Attorneys are very busy people, often logging their time in six-minute increments. Where do they “find” the time to get and stay in touch, while allowing for much-needed downtime? If addressed productively, your contacts will soon join your personal network circle. Think about it: We all have people with whom we enjoy sharing time. What if those people were the same people in your categorized contact lists? How cool would that be? Kill two birds with, well, you know.

Many of of the successful senior attorneys among us have worked most of our professional careers to create this very scenario. It didn’t happen overnight. It took years, in some cases, and happened one contact at a time. This brings me to my next point: Leverage Technology. In our global Internet age, it has never been easier to “get and stay in touch” with a broad base of contacts via the technological tools available (e.g., LinkedIn, Facebook, Twitter, blogging). Not a technophile? No sweat; there are people who make a career of helping clients “connect.” One such job title is “certified social media specialist.”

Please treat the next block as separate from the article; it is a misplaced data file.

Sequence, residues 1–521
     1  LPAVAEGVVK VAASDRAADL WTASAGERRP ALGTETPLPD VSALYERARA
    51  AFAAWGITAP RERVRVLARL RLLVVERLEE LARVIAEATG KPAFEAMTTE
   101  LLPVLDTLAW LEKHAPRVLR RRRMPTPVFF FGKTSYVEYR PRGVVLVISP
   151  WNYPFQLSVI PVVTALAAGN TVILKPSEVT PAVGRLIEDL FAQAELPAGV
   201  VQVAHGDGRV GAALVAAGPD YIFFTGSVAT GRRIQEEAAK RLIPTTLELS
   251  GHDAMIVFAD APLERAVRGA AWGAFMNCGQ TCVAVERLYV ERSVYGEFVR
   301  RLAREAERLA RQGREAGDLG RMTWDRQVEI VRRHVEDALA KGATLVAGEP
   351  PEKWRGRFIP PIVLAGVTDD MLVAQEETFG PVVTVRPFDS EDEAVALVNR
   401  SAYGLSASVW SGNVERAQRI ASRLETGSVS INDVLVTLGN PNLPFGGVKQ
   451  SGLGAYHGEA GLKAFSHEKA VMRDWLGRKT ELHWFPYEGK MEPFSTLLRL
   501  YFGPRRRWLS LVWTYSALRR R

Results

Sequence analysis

In the increasingly competitive legal services arena, cultivating strong relationships is more important than ever. As a successful lawyer and business owner, you must find a way to get and stay in touch with your desired audiences, targeted constituents and those who can ultimately help you grow a healthy practice. It is most easily done by:

  • Committing to making it happen.
  • Gaining buy-in from your support resources (internal and/or external) so everyone is on the same page.
  • Developing a viable and workable system for gathering, categorizing, and maintaining contacts on an ongoing basis.
  • Scheduling dates/calendar regular communication with your contacts in addition to the other regular “touches.”
  • Repeat.

Kimberly Alford Rice is principal of KLA Marketing Associates, a business development advisory firm focusing on legal services. She can be reached at

A variation of the article also ran in The Legal Intelligencer.